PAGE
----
• Meetings that take too much time to add little value
  • No flexing of their communication style to adapt to their individual’s preferred communication style
  • Not being able to manage remote or virtual teams, so just leaving them out of the loop
  • Poor planning skills for project work, resulting in communication issues.

5 respondents said that their Managers were fire fighters – doing work was the priority, and they left attracting, recruiting, managing, leading and retaining talent to the bottom of their to do list!

One person said Managers in their company do not managing absence in the team, so it’s now a part of their culture to take a lot of time off. They said half their team had been off sick in one day, with no Return to Work Interviews completed.

Call to Action:

Are organisations really so ‘up against targets’ that Managers are not being managed?

It seems there is no motivation for our Senior Managers, and Leaders, to ensure that our Managers are doing the job they are employed to do! Real people told us real stories of how Managers avoided issues such as staff performance, as “having someone in the job is better than no-one”!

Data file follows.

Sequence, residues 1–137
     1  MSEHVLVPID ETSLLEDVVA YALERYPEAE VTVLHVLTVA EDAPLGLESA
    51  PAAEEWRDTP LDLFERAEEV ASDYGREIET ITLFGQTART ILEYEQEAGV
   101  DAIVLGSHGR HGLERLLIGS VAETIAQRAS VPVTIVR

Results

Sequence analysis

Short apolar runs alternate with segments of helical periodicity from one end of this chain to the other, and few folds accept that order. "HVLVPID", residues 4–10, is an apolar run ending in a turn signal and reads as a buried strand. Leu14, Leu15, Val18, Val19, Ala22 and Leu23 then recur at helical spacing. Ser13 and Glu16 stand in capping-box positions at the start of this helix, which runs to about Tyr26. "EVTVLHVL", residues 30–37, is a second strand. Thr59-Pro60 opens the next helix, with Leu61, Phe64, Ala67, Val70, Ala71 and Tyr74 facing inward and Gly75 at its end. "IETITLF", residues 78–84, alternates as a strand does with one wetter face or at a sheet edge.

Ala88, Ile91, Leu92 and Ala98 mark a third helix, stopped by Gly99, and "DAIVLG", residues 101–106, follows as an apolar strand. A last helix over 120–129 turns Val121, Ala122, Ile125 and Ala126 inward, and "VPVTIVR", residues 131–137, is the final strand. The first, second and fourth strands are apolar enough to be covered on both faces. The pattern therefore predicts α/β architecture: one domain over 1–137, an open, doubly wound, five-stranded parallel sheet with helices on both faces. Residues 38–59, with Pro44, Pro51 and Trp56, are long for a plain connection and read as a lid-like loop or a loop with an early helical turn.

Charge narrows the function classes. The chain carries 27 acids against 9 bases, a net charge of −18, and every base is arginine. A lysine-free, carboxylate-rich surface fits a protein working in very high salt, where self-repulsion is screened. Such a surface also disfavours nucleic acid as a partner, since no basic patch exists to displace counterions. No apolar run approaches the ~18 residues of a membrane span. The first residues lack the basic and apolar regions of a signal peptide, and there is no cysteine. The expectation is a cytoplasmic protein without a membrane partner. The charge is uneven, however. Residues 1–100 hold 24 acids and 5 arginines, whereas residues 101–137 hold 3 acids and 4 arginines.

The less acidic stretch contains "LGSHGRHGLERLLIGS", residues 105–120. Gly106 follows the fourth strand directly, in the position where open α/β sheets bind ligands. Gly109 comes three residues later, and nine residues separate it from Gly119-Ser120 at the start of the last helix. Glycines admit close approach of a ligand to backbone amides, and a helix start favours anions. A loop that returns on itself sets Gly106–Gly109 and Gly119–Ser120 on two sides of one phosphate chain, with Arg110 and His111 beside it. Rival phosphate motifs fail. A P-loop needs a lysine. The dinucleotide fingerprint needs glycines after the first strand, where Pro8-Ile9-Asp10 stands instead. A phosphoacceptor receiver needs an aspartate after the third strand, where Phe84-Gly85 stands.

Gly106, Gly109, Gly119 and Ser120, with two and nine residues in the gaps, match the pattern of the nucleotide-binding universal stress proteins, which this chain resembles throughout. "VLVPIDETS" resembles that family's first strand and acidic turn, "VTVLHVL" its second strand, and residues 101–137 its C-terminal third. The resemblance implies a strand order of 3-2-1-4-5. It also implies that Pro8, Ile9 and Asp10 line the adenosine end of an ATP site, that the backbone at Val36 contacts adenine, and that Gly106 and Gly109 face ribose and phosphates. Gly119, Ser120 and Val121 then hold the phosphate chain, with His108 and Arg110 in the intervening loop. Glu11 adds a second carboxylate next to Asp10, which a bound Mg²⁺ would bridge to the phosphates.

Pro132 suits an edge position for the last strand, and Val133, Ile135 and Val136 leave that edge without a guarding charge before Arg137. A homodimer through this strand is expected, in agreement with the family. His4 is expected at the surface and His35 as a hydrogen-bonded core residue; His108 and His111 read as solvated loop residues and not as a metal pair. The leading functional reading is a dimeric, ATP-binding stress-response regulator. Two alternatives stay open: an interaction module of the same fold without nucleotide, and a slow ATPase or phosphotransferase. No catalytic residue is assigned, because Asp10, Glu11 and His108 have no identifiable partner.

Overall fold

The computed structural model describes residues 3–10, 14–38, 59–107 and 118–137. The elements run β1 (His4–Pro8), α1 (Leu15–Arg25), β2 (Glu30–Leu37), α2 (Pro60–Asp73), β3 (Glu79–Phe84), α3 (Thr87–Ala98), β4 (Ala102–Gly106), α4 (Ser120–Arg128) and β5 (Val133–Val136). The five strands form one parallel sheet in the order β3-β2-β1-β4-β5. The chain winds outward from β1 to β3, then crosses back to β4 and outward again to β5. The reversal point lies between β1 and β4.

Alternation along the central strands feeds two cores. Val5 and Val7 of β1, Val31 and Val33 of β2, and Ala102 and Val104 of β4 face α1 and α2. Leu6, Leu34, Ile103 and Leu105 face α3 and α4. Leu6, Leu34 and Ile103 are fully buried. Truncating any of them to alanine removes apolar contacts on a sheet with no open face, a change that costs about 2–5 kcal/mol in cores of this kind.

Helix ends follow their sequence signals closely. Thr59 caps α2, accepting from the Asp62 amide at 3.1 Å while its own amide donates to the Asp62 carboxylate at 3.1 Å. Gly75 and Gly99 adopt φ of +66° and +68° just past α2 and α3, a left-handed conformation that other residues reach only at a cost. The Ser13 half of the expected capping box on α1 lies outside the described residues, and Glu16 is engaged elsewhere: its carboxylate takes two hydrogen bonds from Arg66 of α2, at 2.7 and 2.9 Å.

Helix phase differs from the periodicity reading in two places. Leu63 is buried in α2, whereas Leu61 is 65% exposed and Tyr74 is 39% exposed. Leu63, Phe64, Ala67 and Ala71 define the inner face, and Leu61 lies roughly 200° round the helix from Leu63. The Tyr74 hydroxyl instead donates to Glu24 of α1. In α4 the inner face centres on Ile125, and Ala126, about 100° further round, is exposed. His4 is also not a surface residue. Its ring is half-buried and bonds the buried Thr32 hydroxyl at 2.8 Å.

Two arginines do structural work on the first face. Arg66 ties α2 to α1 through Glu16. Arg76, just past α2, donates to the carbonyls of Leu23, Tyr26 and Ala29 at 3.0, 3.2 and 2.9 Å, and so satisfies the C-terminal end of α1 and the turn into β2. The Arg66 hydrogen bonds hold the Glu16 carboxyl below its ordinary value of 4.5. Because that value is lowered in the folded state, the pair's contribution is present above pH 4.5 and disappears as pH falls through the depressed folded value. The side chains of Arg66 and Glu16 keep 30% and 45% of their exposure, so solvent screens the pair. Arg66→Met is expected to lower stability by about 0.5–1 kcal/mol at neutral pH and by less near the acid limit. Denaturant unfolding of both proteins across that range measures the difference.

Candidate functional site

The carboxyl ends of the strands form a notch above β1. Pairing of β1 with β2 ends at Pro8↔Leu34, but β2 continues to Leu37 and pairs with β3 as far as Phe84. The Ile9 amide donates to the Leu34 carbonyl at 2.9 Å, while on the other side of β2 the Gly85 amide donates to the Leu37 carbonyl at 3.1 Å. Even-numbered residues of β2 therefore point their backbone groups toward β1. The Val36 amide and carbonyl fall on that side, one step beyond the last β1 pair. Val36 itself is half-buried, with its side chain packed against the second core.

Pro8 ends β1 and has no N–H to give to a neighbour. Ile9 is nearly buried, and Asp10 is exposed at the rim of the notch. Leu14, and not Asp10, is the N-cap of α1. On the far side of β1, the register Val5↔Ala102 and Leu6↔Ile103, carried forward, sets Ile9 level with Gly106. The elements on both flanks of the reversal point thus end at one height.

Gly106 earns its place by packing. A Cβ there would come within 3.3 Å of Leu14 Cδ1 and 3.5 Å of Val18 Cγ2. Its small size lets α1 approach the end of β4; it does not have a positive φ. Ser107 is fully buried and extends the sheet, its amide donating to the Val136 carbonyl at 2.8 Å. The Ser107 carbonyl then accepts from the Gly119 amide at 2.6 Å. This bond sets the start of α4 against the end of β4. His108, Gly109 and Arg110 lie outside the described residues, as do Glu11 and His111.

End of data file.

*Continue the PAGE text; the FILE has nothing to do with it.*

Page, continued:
At a time when our customers are demanding more, organisations will struggle to provide basic customer care, let alone customer care excellence if Managers are blocking staff effectiveness.

All of us are fighting a ‘war for talent’, and if Managers are not focusing on developing potential in every individual, then our competitors will gain the advantage by stealing our people, and managing them well to achieve personal and professional growth.

At a time when stress is on the increase, our Manager should be our safe harbour. Coaching conversations should be part of everyday working life, with Managers assisting with blockages, and enabling dreams to ignite.

That’s not to mention happiness at work, implications on team working, risk taking as part of how we work, to name but a few issues of how we approach our work.

Can I ask if these findings resonate with you?

Your observations and suggestions will help in clarifying what we need to do now to enable Managers to manage effectively. For example, it would be interesting to ask the Managers in this survey the same question – are they role modelling their own experiences of being managed by poor managers?

One of the wisest questions an interviewer said as part of a promotions board to a candidate was ‘Do you really want to be a Manager?’, then ‘Tell me why.’.